Car imports hit new high led by German diesels

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Car imports hit new high led by German diesels


While economists say that Korean consumption is declining due to the Sewol ferry tragedy, there seems to be one exception in Korea: imported cars.

According to data released by the Korea Automobile Importers and Distributors Association (Kaida) yesterday, registration for newly imported cars last month again broke a record, reaching 16,712 units. This is a 6.2 percent increase from the previous monthly record of 15,733 units set in March. The latest sales record represents a 25.5 percent year-on-year increase.

“New import car registrations in April increased after aggressive promotions and releases of new models from automakers,” Yoon Dae-sung, executive director at Kaida, said in a release.

In the first four months, foreign automakers have sold 61,146 units, up 26.6 percent from a year ago.

At this pace, industry insiders expect sales of imported cars will surpass 200,000 units this year. Kaida previously predicted that sales of imported cars will reach 174,000 units in 2014, up 10 percent from the previous year. Their market share in Korea (including buses and trucks) is now at 11.4 percent.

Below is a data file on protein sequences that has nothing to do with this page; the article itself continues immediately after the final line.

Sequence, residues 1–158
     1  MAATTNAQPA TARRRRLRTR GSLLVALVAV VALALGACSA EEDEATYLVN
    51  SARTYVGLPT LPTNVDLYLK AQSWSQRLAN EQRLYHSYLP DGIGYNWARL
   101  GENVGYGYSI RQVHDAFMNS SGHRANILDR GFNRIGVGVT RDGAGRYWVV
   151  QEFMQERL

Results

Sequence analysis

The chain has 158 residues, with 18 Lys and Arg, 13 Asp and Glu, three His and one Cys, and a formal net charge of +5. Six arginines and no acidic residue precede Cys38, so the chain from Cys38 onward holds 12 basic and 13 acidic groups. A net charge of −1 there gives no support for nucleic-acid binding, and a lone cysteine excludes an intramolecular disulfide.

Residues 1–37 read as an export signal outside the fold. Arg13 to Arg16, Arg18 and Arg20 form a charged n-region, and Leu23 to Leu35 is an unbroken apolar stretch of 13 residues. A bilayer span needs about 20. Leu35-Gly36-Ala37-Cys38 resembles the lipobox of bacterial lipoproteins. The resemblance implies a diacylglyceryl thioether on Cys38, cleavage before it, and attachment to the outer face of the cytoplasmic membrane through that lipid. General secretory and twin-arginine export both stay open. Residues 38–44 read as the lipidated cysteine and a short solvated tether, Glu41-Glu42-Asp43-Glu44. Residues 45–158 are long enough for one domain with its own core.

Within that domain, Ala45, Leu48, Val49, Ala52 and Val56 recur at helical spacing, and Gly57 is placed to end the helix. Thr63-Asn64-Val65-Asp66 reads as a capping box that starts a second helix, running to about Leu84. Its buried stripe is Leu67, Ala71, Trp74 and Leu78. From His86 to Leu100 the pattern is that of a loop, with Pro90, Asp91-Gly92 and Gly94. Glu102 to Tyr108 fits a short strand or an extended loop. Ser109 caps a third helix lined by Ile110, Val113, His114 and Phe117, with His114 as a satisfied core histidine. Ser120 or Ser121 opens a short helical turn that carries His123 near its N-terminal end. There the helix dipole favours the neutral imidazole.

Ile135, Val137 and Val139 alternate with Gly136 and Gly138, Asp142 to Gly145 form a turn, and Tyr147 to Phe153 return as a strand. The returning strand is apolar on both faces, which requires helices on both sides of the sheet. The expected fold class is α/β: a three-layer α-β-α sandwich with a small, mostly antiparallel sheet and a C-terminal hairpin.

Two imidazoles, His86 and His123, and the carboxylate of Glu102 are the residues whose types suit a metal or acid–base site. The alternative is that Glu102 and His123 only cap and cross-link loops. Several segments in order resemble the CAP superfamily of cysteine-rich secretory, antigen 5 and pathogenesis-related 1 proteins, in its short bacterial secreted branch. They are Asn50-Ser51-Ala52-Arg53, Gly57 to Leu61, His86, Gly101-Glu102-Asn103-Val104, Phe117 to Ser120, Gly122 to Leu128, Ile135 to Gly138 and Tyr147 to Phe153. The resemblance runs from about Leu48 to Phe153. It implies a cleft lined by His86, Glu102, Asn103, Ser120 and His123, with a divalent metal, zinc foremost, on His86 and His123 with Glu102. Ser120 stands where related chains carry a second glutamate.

By brand, BMW was the best-seller, after it sold 3,625 units last month, up 33.3 percent from a year earlier and 3.2 percent more than in March. Its rival Mercedes-Benz was the runner-up and its sales are increasing at a rapid pace with 3,301 units sold in April, up 42.4 percent from a year ago and a 30.7 percent increase from March.

Mercedes-Benz’s E220 CDI was the best-selling import in April after it sold 628 units, beating long time No. 1 BMW 520d by 29 units.

Volkswagen and Audi took the No. 3 and No. 4 spots, but Audi was the only German brand that saw its April sales decline, selling 1,980 units, down 19.3 percent from March.

Industry observers said that Korean consumers’ increasing preference for diesel engines is causing the increase in sales of German brands, which have many diesel models.

Diesel car sales made up 68.6 percent of total imports sold in the first four months, while gasoline fueled cars’ market share dropped 7 percentage points in the January to April period to 27.9 percent.

BY joo kyung-don []

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